I have long been a fan of Chuck Wendig in the blogosphere, so when I saw his book on NetGalley, I really wanted to read it. I totally judged it by its cover, and so Atlanta Burns was nothing like I expected. I thought I would be getting an urban fantasy kickass girl-power with some magic. I still got the kickass girl-power main character, but there was no hint of urban fantasy. Instead, we are thrust into a gritty world full of very bad people doing very bad things.
A lot of the reason that I gave Atlanta Burns a comparatively low rating was because I didn’t read it at a good time for me. My dog was very ill when I was reading this book, so reading about other dogs being harmed in the second half was not a good place to put my head. Overall, the whole thing was very triggering. Is it possible to be completely objective when you are reading something that affects you so profoundly emotionally? I don’t think so.
Atlanta Burns doesn’t have much of a plot to it. There is a lot of action and lots of things going on, but the story itself is very segmented and fractured. I also felt like it was more than a touch unrealistic. We are in the southern states, and we have a high school with a gay mafia? Really? I mean, it added to the feeling of the story, but it also made me question a lot of things.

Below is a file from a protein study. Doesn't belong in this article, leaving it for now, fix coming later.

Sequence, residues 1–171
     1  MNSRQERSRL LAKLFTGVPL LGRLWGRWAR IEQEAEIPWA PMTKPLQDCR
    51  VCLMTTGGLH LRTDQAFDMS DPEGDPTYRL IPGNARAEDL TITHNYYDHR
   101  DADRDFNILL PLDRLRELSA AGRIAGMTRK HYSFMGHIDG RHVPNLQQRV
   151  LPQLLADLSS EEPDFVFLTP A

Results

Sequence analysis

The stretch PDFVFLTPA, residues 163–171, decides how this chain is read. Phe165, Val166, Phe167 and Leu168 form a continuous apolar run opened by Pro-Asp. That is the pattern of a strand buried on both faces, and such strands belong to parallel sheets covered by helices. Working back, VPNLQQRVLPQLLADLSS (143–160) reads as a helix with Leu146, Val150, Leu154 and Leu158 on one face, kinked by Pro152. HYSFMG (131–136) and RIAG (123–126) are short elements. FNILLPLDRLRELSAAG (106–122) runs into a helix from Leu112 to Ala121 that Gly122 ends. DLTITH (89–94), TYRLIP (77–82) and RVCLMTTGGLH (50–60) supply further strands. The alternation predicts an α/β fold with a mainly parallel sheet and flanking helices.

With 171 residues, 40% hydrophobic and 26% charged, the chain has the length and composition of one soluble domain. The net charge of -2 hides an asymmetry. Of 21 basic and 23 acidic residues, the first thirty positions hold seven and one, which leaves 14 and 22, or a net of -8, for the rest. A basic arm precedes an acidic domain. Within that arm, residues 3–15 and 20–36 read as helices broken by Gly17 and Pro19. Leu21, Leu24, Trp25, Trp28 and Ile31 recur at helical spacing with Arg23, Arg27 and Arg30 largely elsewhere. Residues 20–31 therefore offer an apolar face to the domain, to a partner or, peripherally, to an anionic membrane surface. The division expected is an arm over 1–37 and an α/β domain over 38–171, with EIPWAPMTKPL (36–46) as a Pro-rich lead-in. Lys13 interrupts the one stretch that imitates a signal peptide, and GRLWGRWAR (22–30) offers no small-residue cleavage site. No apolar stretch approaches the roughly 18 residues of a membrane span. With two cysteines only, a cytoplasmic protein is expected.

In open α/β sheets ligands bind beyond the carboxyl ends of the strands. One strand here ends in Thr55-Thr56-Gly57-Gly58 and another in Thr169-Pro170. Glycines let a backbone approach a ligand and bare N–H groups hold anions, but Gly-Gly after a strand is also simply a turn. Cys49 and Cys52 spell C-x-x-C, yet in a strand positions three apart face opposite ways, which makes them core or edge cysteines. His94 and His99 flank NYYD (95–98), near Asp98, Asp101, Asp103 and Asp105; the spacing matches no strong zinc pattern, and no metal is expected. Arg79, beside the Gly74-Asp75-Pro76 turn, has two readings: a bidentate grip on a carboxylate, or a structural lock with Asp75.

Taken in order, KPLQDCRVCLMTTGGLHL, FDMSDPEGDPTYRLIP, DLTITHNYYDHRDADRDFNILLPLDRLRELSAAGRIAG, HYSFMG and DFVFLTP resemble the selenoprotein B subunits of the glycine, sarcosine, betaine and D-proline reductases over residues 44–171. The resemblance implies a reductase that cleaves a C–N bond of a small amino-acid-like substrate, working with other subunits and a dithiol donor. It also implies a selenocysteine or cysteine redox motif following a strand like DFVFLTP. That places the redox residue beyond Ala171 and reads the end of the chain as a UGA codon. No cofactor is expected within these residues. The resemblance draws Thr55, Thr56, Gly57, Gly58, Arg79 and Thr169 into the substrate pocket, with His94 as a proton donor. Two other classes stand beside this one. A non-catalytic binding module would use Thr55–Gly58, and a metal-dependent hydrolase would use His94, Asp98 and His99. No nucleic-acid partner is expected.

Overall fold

The characters are fairly well written, and Atlanta herself has some growth throughout the book. I liked that she was also flawed and dark, as a lot of female protagonists tend to have the princess complex, where they have nothing wrong with them at all.
I think that Atlanta Burns deals with a lot of subject matter that is important to teens, but because of the gritty nature of the writing and the fact that Chuck Wendig pulls no punches, I would reserve this for older and more mature teens. And up, of course.
I will be on the lookout for more of Chuck Wendig’s work.